How smart do you have to be to run the Fed?
Our campaign to become the next Fed chief was dealt a major setback on Friday as reports washed over from Japan saying that President Obama was only days away from appointing rival Larry Summers to the post.
But wait. What’s this. “Summers out of Fed race”, says the Financial Times this morning. Hey, we’re back in the running! Let’s remind ourselves why Summers was such a fearsome rival:
Yes, Summers is smarter than we are.
Yes, he has a better academic record.
Yes, he is a real economist.
Yes, he has widespread political support and a winning personality.
But except for those things…
Studies have been done. They find that people with lower IQs actually make better truck drivers than people with high IQs. Which puts the critical question right out in the open: What kind of thing is running a central bank? And, how smart do you have to be to be a successful central banker?
We’ll come back to those questions in a moment. First, let us note that last week was good for stocks and bad for gold. We’re beginning to wonder if the trading patterns of August – sinking stocks, rising gold – were nothing more than that wily, old Mr Market messing with our minds again. We’ll have to wait to find out.
Nobody knows what will happen. At least nobody we, the rogue economist, have ever met or ever heard of. But we’ve met plenty who think they know, and they’re the dangerous ones.
But the Fed’s meddling could have an explosive effect on the stock market. Quantitative easing (QE) has added about $2trn to the system’s ‘excess reserves.’ That could be magnified ten times by the fractional lending system – putting as much as $20trn more in purchasing power at work. Suppose it goes into stock prices!
Yes, it is possible.
Bill Bonner on markets, economics & the madness of crowds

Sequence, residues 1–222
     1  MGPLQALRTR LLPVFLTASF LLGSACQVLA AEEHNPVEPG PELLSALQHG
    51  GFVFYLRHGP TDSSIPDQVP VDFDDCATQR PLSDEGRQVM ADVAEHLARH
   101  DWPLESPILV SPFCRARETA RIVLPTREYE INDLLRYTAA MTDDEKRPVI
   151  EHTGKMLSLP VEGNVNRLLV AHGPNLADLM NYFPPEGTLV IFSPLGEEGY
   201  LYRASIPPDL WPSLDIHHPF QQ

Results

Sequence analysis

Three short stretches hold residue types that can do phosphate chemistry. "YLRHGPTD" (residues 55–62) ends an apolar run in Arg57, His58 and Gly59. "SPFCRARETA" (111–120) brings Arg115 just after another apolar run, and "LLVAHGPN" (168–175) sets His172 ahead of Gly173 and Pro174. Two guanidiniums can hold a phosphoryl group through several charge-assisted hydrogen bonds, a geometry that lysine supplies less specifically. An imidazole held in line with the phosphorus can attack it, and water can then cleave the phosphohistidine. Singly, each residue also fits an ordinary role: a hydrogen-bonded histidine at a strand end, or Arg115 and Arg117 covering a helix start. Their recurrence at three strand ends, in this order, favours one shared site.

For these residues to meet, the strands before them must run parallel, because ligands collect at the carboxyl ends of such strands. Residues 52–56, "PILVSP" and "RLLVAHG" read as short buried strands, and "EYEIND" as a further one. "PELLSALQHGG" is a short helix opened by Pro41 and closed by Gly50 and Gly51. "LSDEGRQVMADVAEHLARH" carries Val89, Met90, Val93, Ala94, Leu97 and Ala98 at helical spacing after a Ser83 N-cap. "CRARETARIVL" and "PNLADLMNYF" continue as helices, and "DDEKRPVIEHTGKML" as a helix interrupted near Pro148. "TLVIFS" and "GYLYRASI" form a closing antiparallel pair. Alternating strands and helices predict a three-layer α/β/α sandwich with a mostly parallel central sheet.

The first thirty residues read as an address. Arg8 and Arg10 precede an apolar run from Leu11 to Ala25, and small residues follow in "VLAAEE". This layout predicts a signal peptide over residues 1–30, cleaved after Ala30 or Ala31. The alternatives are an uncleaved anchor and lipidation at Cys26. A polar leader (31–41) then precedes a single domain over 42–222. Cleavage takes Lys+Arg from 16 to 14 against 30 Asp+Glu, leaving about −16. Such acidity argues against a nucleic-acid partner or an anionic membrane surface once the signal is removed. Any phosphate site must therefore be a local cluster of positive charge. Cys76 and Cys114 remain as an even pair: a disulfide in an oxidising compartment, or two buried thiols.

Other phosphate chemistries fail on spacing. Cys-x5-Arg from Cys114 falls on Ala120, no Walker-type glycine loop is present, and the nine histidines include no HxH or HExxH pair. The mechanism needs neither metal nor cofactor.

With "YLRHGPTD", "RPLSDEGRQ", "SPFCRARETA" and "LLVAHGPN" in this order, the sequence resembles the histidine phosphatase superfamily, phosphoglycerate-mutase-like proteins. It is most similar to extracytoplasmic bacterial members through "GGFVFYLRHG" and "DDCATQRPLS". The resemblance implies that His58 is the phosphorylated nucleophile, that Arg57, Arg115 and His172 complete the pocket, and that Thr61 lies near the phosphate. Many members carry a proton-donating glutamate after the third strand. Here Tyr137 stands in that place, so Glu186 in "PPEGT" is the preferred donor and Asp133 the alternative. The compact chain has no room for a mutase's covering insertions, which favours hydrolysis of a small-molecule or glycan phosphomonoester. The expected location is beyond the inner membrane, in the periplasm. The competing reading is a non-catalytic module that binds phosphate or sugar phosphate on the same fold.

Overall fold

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Yes, dear reader, we’re seeing the worst kind of ‘recovery’ – a return to the bubbly imbecilities of the ‘05 – ‘07 period (keep reading!). Works of art are selling for astronomical prices. High end palaces and old cars are setting new records. Is this reckless money hitting the stock market too? If so, hang onto your hats. It could be breathtaking. It could be wild. It could be crazy…
Summers’ main selling point was that he is a genius. He’s so brilliant that even as a very young man he convinced one of the great names in theoretical finance, Fischer Black, to completely revise his view of how a market works.
Subsequently, Black’s work on pricing options and derivatives (he ended his career at Goldman Sachs) helped win Nobel Prizes for his colleagues. They, then, were instrumental in monumental blow ups, notably of his old partner’s hedge fund, Long Term Capital Management. Goldman itself probably would have come crashing down, too, in the crisis of ‘08-‘09 had not the US Treasury Secretary, former Goldman CEO Hank Paulson, come to its aid.
We don’t know if Black ever thanked Summers for his contribution to these catastrophes.
We don’t know if the Harvard Endowment ever gave Larry sufficient credit for his role in its $10bn in losses – 2008-2009 – either.
But all that is water under the bridge. Forgotten. Forgiven. History.
So is the fact that Summers seemed to have no idea that the crisis was coming. You can read his public statements for yourself. He was as ignorant of the looming trouble as Ben Bernanke.
All of that is behind us. But what is ahead of us?
According to our friend Gillian Tett at the Financial Times, more of the same: “Insane financial system lives on post-Lehman,” is her headline. “The bad news,” she continues, five years after Lehman Bros went bust, “is that the system is just as insane – perhaps more so.”
The big banks are even bigger.
The rich are richer.
Fannie and Freddie are still at it.
Shadow banking plays an even bigger role.
And the system depends even more on central bank management.
So you see, the next Fed chief is likely to be an even greater threat to the financial health of the world than Ben Bernanke has been. Which brings us back to our question: How smart do you have to be to be a good Fed chief? Do you need an IQ of 150? 180? 200?
What do you get for all that computing power? Does an extra ten points of IQ somehow reduce debt levels? Does it help you create jobs? Does it help you spot a bubble before it pops?
Not on the evidence!
Here’s a corollary question: isn’t it possible that Larry Summers is too smart for his own good, and too smart for the good of the world economy?
Our view is this: driving the financial system isn’t rocket science. It’s more like driving a truck. The idea is not to invent new theories and complex innovations. The important thing is not to run off the road.
Larry Summers? Good riddance. He’s been in too many accidents already.
Note to Barack Obama: It’s not too late. We drive an F-150. Call us.
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